Henning Mankell’s Novels Brought Sweden’s Dark Side to the World

Henning Mankell signing his books

Henning Mankell signing his books

Henning Mankell’s untimely death from cancer at the age of 67 is, without doubt, the end of an era.

Before Mankell began publishing his trendsetting pulp thrillers about the cop Kurt Wallander based in the small town of Ystad in Sweden, very few had heard of Swedish crime fiction. The little crime fiction that existed in the pre-Mankell years was seen by the progressive writers as a literary weed that had to be uprooted. The few really successful Swedish crime novelists, such as the writer couple Sjöwall-Wahlöö, who enjoyed a certain international fame in the 1970s, had a journalistic approach to literature – their books were like reports reflecting the Sweden of their time.

In the pre-Mankell era, Sweden’s main cultural export products were the films by Ingmar Bergman – such as The Seventh Seal (1956) – that were screened at film societies and in art house cinemas around the world. (Ingmar Bergman was, incidentally, Henning Mankell’s father-in-law.) And then, in the 1970s, there was ABBA – and subsequently the light touch of Swedish popular music grabbed a hold of the world through bands like Roxette and Europe in the 1980s.

Till Mankell came along people around the world were mostly reading English crime fiction. The perennially popular British detective stories by Arthur Conan Doyle and Agatha Christie, and the American school of noir, Raymond Chandler and Dashiell Hammett, still ruled the shelves. In fact, very few bookshops stocked detective novels translated from other languages.

Reinventing the crime novel

Already a well-known figure in Sweden as a theatre director, playwright, activist and serious novelist, Mankell reinvented the crime fiction genre with his first thriller in 1991, Faceless Killers, which immediately won the ‘Best Swedish Crime Novel’ award. Using the small Swedish town of Ystad as a setting, and the police procedural as a literary form, he created an image of Sweden rarely encountered before – an image of something dark lurking behind the façade of the welfare state. And at the centre of the plot was a strangely likeable and humane cop, the slightly alcoholic, slightly overweight, slightly diabetic Kurt Wallander, who in some ways personified the Swedish character.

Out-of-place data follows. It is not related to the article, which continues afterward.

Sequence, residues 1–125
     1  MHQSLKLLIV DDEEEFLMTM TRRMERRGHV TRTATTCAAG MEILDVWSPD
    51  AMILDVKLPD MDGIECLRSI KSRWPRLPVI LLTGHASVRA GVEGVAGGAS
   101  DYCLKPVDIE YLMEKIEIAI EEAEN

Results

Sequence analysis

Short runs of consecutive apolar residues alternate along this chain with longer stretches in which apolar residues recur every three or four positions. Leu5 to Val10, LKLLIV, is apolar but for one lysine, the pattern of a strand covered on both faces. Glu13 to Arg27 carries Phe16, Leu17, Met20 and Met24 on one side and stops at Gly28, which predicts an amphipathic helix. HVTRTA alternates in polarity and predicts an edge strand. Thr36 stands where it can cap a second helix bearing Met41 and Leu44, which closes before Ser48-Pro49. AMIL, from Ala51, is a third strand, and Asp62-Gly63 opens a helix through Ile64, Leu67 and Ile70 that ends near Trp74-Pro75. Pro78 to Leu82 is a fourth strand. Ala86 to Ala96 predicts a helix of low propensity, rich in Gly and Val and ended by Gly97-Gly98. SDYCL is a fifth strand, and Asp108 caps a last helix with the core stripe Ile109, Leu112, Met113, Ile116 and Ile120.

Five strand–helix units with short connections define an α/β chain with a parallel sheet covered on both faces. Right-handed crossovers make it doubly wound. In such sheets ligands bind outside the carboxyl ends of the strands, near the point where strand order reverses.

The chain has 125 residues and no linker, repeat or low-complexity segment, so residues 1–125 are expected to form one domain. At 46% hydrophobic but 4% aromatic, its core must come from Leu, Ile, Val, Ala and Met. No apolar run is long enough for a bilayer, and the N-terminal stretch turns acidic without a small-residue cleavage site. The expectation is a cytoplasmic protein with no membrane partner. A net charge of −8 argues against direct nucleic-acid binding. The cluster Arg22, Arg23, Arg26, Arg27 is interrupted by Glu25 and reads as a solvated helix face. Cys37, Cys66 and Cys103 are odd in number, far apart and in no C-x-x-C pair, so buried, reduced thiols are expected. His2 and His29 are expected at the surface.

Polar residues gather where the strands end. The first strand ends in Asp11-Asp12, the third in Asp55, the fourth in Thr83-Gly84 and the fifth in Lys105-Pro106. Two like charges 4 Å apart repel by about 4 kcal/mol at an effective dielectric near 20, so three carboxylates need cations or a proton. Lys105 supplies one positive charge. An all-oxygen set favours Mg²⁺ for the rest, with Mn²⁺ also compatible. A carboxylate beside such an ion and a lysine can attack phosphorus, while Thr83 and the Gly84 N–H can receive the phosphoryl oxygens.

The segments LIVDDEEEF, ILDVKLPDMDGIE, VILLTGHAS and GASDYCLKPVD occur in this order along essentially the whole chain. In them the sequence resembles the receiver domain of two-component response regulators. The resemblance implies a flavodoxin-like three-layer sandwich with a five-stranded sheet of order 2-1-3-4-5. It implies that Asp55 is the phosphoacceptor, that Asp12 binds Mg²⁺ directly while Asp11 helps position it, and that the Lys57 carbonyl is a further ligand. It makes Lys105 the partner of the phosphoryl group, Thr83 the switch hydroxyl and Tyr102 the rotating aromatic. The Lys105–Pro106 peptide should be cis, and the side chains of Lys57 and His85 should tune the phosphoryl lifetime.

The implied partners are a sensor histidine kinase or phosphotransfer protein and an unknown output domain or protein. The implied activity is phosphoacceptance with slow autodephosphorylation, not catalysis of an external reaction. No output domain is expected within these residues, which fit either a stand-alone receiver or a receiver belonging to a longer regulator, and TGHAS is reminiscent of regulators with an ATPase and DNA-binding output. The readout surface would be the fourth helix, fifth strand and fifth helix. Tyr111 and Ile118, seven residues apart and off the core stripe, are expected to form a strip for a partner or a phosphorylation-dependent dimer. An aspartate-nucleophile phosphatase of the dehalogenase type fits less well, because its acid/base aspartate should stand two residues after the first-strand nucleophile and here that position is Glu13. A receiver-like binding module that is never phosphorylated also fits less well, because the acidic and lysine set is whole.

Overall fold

The prolific Mankell was able to produce two to three books a year and soon became wildly popular in Sweden. It didn’t take very long for the rest of the planet to catch on. His books are estimated to have sold over 40 million copies around the world and have been made into around 45 films (with Kenneth Branagh playing Wallander in the English versions).

It didn’t take long for other writers to jump on the bandwagon. Soon enough, even the smallest Swedish towns would boast of their own crime fiction series and the entire country seemed populated by serial killers and their victims. Swedish crime fiction became a brand, selling in millions of copies and resulting in a huge boost for the publishing industry. And these thrillers were not just translated into English, but into other languages as well, such as German: many bookshops in Germany have special shelves dedicated to Swedish crime fiction.

This had interesting side effects. Following this unprecedented success of Swedish detective novels globally, bookshops have started stocking translated crime novels from other languages too – readers can now access thrillers originally written in Japanese, Chinese, Spanish or Greek, through translations.

It was my great fortune to meet Mankell on a couple of occasions. Most recently, I was in discussion with him at the Jaipur Literature Festival in 2011. Before we met, I asked my publisher what the stalwart was like. (We shared the same publisher before Mankell started his own publishing company Leopard.) Mankell doesn’t make small talk, my publisher replied. He’s a no nonsense guy. So when you meet him, just get to the point. And to the point we did get. At the festival – where he entertained a packed hall – he asked me in advance for my permission to manhandle me a little bit: as a part of his talk he wanted to grab me by the collar and push me around on the stage. Keeping in mind that he has a background in theatre, I of course went along with the show. The audience loved the unexpected action.

We had met once before, at the Gothenburg Book Fair in 2009, where I was to interview him. I’d had an accident the previous day and half of my face was bandaged and yet, when I sat down with Mankell to discuss his future plans he wasn’t the least bothered by my weird appearance though he did stop to calmly observe at one point that my nose was dripping blood and then handed me a paper napkin. It was the last interview he planned to give that year and we chatted leisurely for about half an hour. I asked him about the last book about Kurt Wallander, The Troubled Man, which had just come out that year, and why he wanted to end one of the most successful series in Swedish publishing history. He told me of his plans to write a bunch of historical novels, as well as his autobiography. The impression he left me with was one of boundless energy.

Then, last year, he went to see his doctor regarding a bout of neck pain which was soon established as a symptom of a wide-spread cancer. He battled the cancer for over a year and a half, and kept on working till the very end.

The writer is a Swedish detective novelist based in Bengaluru; his latest comic thriller Hari, a Hero for Hire is out in October 2015. Read his full interview with Henning Mankell here: